“It has been said, ‘Anyone who divorces his wife must give her a certificate of divorce.’ But I tell you that anyone who divorces his wife, except for sexual immorality, makes her the victim of adultery, and anyone who marries a divorced woman commits adultery. Matthew 5:31-32
We talked about the obvious lesson from these verses, namely about a consequence of adultery being divorce. Perhaps, however, Jesus also gave us other lessons in these verses. Perhaps a subtle, additional message from the Lord is, “when you divorce any agreement, you might be making a victim or sinner of yourself & the other party.” That has much bigger implications than simply talking about a marital divorce.
In 1996, I got out of the military after 11 years. I loved what I was doing, and the immediate group with whom I was working. My immediate leaders and friends were first-rate. Most of the rest of the leadership in my chain of command (up to senior Air Force)? Not so much. In fact, most weren’t worthy of trust I stayed in the Reserves awhile, but leaving active duty felt like a hostile divorce.
Left a church? Quit a job? Changed your group of friends? Changed your political or social points of view? Even changed your faith? When we leave one thing to begin or join another, we divorce the prior. Sometimes, as in ‘breach of contract’ or ‘early withdrawal,’ there are legal or financial ramifications. It’s true that Jesus was blatantly talking about marital divorce in these verses. But, perhaps, He obliquely taught us a side-lesson about when other relationships end that has value outside simply what is obvious.
Sometimes there’s a good reason to leave a particular church, or quit your job, or change your friends, or any of the other things. Sometimes those things become toxic. God doesn’t tell us to remain in toxic situations. Indeed, He told His disciples that, if they weren’t welcomed (with His Good News), they should shake the dust from their feet and move on. But, also, don’t forget that this is the same Jesus who said, “let your yes mean “yes” and your no mean “no”” That’s coming in just a few verses.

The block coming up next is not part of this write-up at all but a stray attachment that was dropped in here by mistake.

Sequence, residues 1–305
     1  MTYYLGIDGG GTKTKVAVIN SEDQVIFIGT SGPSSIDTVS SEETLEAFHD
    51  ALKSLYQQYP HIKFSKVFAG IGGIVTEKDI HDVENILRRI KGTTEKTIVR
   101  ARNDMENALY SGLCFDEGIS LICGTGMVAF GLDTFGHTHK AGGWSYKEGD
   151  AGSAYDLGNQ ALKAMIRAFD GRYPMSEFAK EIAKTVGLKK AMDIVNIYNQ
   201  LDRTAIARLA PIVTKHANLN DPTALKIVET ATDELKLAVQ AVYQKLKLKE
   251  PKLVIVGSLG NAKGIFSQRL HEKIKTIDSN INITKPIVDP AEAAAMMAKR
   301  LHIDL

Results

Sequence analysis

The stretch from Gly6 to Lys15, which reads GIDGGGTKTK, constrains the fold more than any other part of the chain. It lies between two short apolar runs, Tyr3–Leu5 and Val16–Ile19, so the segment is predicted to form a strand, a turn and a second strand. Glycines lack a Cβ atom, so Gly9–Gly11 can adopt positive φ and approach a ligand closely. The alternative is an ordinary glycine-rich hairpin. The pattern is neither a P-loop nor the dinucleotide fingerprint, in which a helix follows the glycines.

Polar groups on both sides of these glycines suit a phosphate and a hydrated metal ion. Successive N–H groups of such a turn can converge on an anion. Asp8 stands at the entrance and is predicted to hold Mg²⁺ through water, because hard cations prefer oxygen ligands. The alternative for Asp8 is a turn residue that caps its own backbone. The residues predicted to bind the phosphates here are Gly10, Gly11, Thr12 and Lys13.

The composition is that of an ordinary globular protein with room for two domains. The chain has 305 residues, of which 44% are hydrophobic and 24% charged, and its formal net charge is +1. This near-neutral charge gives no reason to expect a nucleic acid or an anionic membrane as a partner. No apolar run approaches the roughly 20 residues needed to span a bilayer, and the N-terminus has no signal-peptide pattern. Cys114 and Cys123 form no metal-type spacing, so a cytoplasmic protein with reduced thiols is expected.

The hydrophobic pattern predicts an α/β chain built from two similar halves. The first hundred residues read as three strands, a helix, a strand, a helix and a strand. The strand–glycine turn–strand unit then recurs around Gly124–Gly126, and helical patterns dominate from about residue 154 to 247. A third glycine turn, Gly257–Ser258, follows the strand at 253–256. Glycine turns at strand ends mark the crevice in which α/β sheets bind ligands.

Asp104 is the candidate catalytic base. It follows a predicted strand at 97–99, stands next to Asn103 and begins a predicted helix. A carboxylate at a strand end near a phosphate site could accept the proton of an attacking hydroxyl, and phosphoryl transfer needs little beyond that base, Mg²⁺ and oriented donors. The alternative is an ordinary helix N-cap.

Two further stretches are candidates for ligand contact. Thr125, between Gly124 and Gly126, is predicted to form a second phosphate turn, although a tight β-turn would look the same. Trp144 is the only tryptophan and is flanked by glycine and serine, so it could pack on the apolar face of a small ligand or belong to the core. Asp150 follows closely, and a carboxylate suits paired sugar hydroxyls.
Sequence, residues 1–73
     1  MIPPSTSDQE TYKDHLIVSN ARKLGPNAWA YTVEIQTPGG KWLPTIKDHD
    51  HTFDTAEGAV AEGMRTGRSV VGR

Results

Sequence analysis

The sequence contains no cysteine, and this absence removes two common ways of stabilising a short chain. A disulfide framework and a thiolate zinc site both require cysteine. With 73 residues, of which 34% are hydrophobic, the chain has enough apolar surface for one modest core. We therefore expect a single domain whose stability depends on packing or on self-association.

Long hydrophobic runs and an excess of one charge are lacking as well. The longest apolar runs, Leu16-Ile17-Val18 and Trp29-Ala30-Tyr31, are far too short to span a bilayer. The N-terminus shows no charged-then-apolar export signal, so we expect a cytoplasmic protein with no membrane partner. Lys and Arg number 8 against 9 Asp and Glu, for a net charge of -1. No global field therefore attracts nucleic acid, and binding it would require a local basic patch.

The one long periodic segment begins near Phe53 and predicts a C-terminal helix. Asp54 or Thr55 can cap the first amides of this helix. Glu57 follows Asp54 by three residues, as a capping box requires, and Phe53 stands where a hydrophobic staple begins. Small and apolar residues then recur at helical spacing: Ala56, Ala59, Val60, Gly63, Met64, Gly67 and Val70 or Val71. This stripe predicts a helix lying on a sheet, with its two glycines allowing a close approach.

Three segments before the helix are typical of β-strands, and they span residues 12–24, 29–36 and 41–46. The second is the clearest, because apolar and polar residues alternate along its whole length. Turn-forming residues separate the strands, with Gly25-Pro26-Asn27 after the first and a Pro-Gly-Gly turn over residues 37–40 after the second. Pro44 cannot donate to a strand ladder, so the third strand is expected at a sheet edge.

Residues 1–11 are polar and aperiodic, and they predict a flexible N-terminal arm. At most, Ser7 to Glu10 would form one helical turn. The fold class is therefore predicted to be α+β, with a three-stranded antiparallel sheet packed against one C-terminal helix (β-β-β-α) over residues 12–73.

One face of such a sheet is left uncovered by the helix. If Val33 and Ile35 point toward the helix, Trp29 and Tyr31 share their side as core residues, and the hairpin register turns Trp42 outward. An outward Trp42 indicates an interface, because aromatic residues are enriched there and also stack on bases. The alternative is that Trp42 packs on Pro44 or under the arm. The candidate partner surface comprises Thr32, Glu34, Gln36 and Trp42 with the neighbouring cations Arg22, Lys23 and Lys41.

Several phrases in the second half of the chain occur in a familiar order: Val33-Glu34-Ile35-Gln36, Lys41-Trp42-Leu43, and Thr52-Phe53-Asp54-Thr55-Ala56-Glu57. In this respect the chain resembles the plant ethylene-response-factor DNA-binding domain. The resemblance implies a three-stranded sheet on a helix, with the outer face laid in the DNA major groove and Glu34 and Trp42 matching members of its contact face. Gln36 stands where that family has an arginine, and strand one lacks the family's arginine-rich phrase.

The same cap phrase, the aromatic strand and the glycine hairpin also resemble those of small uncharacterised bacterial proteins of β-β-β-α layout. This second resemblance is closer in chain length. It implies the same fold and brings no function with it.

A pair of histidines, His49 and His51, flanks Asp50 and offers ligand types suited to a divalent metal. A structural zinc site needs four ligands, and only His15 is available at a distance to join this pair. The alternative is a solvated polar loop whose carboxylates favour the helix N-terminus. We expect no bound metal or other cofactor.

Our vows and commitments mean something. When we commit to something, we give our word to stay. And when we leave that something, sometimes it seems we’re taking back that word. In these two verses about divorcing a spouse, Jesus reminds us that other breaks in our relationships with other people can be like divorcing a spouse.
Divorce is disunion. Our Savior, who vowed to be with us unto the end of the age, wants us to remember that. Sometimes disunion is necessary, even preferable. But it always carries consequences.
For more reading: Matthew 5:37, Matthew 10:14; Luke 9:5, Matthew 5:33
Lord, stay with me whenever divorce of any kind enters my life. Help me to make only wise choices that build up others instead of tearing them down.